AB Agri is among the partners in a government-funded project that seeks to harness microbes to convert waste carbon dioxide into an animal feed protein.
The REACT-FIRST project, supported with £3 million in funding from Innovate UK, aims to make a single cell protein for fish and poultry feeds (branded Proton) using carbon dioxide produced in bio-energy generation. It says the sustainable process will both contribute to meeting the UK’s Net Zero climate change target as well as helping the circular economy.
The project will be led by Nottingham-based Deep Branch with expertise in recycling industrial CO2 into a sustainable feed protein. Alongside AB Agri, commercial partners include Drax, the UK’s largest single site renewable electricity generator which produces Co2; aquafeed manufacturer BioMar; and retailer Sainsbury.
Academic and research partners are the Scottish Aquaculture Innovation Centre (SAIC); the University of Nottingham’s Synthetic Biology Research Centre for its expertise in gas fermentation; the Institute of Aquaculture at the University of Stirling; Nottingham Trent University’s School of Animal Rural and Environmental Sciences; and Innogen, the University of Edinburgh centre for value chain integration and responsible innovation.
“Currently, most animal feed protein sources are imported from overseas, making the UK dependent on complicated and fragile supply chains,” notes Deep Branch chief executive Peter Rowe. “REACT-FIRST has been created to focus solely on addressing this problem.”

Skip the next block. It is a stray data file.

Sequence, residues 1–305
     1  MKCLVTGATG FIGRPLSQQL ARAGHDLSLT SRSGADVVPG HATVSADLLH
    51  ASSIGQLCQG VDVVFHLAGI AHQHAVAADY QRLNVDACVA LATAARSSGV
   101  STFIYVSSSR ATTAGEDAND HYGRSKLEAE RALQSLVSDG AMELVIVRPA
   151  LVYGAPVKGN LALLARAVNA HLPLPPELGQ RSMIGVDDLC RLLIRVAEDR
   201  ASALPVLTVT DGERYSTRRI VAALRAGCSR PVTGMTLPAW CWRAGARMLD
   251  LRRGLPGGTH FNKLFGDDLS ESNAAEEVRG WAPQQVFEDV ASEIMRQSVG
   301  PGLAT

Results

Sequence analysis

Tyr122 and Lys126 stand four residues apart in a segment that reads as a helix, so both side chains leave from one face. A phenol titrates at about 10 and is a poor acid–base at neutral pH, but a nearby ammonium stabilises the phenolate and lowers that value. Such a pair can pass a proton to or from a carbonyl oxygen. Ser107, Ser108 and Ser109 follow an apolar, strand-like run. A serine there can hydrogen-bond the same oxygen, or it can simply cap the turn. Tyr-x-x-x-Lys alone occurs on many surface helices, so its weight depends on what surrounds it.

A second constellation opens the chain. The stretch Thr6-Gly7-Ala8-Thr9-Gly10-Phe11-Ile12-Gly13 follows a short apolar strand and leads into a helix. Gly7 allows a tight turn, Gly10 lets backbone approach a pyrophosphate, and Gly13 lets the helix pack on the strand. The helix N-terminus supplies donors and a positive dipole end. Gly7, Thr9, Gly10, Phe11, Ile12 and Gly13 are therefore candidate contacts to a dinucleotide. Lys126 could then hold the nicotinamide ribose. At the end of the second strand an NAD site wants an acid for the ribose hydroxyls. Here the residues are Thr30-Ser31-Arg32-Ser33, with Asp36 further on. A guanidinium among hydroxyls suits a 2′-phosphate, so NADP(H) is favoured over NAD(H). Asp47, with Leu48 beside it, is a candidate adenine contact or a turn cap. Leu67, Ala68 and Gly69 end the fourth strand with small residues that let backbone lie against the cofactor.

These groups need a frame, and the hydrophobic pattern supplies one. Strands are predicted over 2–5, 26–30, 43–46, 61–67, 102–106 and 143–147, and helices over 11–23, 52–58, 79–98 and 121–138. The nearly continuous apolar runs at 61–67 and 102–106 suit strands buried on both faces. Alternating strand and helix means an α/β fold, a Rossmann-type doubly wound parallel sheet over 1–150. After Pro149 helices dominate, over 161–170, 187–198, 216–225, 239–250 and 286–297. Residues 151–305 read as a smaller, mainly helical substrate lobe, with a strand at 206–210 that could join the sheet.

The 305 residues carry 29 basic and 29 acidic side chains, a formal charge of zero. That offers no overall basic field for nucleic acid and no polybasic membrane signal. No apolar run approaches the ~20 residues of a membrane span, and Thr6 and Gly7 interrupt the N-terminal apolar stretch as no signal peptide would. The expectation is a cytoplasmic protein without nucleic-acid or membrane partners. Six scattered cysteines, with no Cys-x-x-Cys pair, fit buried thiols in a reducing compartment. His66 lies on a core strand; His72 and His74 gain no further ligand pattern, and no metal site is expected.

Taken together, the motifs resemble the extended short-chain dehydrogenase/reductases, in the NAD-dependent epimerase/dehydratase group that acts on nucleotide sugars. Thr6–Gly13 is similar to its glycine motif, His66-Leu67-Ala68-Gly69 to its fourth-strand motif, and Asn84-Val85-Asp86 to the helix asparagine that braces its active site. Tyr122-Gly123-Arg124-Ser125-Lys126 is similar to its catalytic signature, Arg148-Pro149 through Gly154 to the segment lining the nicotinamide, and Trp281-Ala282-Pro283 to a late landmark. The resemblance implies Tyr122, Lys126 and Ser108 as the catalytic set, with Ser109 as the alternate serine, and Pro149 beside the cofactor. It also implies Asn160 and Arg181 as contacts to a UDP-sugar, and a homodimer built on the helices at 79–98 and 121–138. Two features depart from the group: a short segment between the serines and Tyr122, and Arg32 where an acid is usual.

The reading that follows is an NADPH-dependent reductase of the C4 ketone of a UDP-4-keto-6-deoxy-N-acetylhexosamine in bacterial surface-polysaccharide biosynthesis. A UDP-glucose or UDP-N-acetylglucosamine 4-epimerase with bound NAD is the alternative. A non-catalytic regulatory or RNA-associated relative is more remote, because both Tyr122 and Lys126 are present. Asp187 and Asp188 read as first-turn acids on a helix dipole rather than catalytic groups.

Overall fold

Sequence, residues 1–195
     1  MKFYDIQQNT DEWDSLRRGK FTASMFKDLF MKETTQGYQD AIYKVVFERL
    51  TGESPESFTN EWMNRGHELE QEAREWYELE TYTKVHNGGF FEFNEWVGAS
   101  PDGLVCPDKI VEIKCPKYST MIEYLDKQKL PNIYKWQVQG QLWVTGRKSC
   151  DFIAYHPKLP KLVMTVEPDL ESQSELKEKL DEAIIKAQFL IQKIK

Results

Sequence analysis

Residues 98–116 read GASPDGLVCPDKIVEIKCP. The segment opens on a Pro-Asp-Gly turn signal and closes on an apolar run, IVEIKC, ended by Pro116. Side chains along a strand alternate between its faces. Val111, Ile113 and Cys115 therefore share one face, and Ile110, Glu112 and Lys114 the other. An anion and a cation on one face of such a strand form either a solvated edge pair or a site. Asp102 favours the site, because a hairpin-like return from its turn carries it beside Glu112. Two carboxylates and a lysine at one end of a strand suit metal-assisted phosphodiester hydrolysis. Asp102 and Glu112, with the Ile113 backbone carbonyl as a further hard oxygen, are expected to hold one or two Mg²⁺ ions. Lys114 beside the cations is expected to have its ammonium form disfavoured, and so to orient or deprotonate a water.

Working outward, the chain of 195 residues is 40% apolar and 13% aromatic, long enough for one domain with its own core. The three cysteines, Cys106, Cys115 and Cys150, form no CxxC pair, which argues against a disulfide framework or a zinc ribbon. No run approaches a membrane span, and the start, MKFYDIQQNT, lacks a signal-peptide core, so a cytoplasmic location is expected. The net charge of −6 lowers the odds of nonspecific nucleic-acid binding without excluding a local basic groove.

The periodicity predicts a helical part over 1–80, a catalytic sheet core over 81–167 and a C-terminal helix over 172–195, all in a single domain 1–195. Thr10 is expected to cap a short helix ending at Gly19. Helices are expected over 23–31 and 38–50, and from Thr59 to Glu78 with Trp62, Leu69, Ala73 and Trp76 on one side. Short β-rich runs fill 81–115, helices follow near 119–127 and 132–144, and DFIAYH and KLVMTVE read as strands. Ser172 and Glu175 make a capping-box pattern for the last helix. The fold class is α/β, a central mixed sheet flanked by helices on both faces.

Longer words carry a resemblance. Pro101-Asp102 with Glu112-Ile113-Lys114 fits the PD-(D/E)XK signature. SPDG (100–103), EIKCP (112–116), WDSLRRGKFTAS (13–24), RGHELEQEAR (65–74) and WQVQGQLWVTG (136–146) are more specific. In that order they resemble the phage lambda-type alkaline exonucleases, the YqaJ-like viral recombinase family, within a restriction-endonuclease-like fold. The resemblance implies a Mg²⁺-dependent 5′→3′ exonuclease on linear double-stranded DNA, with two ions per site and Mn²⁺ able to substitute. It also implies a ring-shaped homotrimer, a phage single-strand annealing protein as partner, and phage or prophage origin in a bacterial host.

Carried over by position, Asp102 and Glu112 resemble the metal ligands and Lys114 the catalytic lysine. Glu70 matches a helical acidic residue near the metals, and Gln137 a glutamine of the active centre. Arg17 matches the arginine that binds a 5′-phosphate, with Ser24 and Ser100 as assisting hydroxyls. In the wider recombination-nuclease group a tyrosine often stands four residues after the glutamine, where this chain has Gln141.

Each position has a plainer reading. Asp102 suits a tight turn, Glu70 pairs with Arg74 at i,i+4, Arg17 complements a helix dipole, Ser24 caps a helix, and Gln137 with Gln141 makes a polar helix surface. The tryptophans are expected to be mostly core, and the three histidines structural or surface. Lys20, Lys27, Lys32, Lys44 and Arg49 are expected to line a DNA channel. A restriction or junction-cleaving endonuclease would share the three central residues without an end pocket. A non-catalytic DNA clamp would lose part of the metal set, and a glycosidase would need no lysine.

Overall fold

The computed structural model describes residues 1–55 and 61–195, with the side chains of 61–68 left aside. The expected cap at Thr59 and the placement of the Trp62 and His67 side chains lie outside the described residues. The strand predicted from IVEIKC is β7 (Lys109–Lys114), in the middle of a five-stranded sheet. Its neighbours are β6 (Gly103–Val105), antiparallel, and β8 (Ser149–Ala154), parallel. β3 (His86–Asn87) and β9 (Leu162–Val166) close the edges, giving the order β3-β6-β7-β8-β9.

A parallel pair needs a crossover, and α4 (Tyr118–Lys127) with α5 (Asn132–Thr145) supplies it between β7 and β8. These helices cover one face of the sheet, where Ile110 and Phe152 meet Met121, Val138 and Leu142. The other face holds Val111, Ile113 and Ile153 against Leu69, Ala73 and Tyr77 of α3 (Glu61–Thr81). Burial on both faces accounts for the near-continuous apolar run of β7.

Valerie Schuster, strategy director at AB Agri, adds: “The world around us is changing. In the past, there has been a growing gap between the animal feed industry and end consumers, who nowadays want to know more about the meat and fish they are eating, where they come from and whether the animals they consume have been raised responsibly. In turn, the industry is obliged to share more information about the feed animals consume, where it comes from, and how we do more with less to meet the needs of a growing population, while preserving the planet.
“REACT-FIRST provides a way of doing exactly this: by growing single-cell protein using CO2 emissions from industry, it creates a new, scalable and circular protein. This opportunity can help feed manufacturers and farmers improve animal nutrition and wellbeing via a high-quality ingredient that is consistent and can easily be traced back to its origins.”
BioMar’s vice-president salmon, Paddy Campbell says that feeds with a minimal environmental impact will be needed to help aquaculture double production by 2050 to meet growing demand for farmed fish. “The REACT-FIRST project is the first step towards the commercial development of a new potentially game-changing protein source using new technology to capture waste CO2 and create a high-value sustainable protein suitable for the aquaculture industry.
“At BioMar we are constantly seeking innovative raw materials that don’t compete with human food production and nutrients from by-products that minimise waste. We are excited to be part of this project to see how Proton will perform in aquaculture feed.”